The ad parodied in Circe was for a different kind of soap, one used for cleaning household surfaces rather than the human body. "Brooke's Soap Monkey Brand," manufactured by an American company, was advertised in 1891 in an image that showed a minstrel-like monkey sitting on the tip of the crescent moon and singing, "We're a capital couple the Moon and I, / I polish the earth, she brightens the sky." Only this one ad used the conceit of the moon, but many others featured the dressed-up monkey. Its resemblance to 19th century depictions of Irishmen and Blacks is probably not accidental. Kil suggests that the monkey stood in for all those people (manual laborers, women, colonial subjects) on whose backs empire was built and households cleaned, while simultaneously suggesting that the soap had magically rendered brute labor unnecessary.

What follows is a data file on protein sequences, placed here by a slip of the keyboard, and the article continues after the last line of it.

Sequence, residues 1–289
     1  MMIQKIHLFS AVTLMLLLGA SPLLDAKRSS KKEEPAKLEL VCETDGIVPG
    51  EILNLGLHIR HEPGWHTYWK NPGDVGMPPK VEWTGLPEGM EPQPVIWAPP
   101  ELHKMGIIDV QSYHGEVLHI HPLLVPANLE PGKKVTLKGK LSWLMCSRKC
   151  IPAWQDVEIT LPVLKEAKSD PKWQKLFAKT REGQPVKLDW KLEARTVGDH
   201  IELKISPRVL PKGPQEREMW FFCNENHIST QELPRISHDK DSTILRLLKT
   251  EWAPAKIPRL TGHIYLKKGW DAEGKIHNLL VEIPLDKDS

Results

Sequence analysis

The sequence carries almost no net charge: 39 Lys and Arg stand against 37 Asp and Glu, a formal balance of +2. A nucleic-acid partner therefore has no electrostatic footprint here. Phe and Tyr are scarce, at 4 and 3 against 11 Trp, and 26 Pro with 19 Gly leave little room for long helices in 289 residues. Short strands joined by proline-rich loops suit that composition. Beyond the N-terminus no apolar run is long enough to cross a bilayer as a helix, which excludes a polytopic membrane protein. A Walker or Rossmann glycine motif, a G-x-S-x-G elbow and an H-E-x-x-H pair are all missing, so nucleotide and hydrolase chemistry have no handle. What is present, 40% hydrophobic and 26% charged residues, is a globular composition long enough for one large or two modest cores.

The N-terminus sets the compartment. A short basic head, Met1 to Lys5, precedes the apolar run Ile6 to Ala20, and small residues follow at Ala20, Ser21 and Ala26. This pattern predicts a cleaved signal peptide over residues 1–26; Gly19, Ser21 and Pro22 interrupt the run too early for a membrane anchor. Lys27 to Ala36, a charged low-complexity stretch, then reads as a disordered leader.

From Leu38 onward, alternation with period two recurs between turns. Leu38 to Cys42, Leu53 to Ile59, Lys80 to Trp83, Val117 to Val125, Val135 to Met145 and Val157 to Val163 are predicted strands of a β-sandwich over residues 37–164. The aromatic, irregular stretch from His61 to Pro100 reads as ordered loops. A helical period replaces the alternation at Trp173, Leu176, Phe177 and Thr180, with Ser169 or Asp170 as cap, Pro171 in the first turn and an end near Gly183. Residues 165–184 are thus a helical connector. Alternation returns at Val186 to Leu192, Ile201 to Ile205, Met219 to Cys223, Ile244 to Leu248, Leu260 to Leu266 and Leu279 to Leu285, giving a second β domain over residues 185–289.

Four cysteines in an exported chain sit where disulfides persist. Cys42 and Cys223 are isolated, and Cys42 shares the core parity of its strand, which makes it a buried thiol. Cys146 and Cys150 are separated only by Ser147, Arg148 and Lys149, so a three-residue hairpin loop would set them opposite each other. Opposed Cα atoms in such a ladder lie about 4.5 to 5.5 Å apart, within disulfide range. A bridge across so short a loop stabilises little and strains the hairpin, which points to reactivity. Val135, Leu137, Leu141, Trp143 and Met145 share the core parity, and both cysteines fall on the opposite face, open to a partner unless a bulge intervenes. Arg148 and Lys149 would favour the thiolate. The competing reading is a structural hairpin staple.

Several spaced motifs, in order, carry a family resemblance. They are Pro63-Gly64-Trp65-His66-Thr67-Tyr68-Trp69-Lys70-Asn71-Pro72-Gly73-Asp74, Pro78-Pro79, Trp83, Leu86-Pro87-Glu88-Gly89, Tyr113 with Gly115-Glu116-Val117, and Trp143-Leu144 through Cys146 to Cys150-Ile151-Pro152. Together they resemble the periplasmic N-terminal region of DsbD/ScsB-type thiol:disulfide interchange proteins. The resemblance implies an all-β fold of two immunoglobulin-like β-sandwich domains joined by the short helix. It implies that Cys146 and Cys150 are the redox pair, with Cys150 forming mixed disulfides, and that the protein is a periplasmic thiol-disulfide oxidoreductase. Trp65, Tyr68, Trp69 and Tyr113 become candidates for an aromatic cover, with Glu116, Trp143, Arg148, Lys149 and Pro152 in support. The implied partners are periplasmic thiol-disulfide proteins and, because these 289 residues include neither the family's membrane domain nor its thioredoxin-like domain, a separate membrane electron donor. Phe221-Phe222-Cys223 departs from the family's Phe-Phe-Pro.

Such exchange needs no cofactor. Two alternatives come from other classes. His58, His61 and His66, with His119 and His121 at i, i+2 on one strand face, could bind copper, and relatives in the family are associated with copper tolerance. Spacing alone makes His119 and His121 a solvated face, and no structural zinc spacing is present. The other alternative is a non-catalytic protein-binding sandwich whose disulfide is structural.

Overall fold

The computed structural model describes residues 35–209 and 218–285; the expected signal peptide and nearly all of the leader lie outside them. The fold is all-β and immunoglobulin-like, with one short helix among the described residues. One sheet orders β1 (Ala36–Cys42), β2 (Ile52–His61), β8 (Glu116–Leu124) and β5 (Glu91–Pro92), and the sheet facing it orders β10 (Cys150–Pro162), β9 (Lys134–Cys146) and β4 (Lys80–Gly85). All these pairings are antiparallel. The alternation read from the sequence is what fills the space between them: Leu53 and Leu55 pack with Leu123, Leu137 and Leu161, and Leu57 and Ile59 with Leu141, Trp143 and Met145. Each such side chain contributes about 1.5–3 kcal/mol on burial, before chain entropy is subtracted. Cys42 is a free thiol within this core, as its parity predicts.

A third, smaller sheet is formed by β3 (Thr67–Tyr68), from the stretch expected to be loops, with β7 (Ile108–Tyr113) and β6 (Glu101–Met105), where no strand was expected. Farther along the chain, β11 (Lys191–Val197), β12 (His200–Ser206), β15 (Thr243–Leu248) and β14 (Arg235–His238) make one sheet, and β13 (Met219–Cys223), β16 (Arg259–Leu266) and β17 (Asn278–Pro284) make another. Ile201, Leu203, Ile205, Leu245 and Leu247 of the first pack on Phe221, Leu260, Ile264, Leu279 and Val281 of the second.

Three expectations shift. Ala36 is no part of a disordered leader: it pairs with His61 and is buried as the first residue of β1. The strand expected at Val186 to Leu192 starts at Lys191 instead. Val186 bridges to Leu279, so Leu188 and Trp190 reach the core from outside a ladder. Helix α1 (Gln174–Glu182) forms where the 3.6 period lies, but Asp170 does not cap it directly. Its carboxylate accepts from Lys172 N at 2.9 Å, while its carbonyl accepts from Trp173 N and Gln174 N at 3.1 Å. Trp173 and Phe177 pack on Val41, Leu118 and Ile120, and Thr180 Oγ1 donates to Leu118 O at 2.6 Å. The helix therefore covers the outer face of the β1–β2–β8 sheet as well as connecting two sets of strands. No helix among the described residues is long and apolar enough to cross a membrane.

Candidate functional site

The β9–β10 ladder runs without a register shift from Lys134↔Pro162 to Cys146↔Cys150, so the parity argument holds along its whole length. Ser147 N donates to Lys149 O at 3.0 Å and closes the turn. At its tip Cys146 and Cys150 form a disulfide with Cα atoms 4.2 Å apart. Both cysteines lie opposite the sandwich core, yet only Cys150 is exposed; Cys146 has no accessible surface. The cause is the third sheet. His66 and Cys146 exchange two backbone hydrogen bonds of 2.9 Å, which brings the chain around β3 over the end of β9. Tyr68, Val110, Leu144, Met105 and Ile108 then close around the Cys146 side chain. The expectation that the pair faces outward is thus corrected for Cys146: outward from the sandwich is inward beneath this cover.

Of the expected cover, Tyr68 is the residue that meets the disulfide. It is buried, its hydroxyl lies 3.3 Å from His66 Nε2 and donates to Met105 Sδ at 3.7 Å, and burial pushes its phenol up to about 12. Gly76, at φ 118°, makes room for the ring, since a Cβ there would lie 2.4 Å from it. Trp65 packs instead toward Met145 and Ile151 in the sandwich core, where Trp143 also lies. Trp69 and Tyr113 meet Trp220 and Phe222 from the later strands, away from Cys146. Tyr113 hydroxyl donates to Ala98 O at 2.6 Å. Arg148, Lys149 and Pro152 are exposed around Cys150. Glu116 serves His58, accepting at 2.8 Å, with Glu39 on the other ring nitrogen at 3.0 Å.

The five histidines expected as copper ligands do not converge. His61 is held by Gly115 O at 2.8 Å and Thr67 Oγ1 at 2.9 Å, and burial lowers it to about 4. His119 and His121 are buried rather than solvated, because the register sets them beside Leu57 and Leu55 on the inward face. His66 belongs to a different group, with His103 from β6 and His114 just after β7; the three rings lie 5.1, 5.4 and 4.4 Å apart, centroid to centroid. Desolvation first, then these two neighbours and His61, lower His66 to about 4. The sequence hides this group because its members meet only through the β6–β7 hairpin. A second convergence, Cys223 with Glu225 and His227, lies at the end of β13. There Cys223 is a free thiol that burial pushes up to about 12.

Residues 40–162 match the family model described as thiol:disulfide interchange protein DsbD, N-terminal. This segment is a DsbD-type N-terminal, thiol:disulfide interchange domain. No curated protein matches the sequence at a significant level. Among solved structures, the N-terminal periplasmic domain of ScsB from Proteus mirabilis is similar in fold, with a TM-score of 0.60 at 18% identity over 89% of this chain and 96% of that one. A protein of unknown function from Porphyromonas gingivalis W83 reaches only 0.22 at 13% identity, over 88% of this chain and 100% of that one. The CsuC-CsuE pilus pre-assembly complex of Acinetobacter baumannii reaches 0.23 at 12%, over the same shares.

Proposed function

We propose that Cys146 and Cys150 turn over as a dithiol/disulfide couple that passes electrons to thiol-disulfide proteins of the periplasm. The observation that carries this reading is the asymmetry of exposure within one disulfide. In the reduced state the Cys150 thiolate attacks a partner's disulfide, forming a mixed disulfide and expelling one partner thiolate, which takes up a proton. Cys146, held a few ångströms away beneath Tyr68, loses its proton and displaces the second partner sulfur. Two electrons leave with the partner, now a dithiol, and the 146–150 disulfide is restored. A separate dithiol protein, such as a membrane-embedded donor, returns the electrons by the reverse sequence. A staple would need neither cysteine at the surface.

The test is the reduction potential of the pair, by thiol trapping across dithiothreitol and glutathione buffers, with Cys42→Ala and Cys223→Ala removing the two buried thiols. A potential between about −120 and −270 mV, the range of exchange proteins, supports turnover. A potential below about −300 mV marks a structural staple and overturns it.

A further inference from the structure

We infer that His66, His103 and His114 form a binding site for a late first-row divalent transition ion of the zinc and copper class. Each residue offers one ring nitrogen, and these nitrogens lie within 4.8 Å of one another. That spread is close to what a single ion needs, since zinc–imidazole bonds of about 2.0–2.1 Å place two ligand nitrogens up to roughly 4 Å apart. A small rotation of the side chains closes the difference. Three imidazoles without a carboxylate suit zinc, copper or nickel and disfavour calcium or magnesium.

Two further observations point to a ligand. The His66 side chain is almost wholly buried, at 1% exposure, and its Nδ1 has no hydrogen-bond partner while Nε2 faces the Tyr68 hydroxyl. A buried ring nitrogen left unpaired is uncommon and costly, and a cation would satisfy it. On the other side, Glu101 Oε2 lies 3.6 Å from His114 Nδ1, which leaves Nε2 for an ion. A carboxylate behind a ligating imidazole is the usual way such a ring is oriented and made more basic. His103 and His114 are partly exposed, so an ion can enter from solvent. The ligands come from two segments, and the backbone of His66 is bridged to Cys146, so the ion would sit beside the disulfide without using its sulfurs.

By substituting Bloom for this half-civilized simian, the novel may be portraying its protagonist as an Irish-Jewish mongrel who believes that the right kind of soap can confer a kind of racial purity. But the Monkey Brand ads appeared to target class and gender as much as race: they evoked a world in which household cleaning was accomplished by the magic of modern chemistry rather than by the arms of charwomen. This distancing of consciousness from the labor of domestic help has a presence in Circe. Twenty pages after the parody of the Brooke's ad, a woman who performed menial physical labor in Bloom's home, Mary Driscoll, accuses him of having propositioned her, and he uses racially suggestive language to refute her: "I treated you white. I gave you mementos, smart emerald garters far above your station. Incautiously I took your part when you were accused of pilfering." Mary here is the monkey in the house, magically ennobled and effaced by the kind of thinking that polishes the earth and brightens the sky.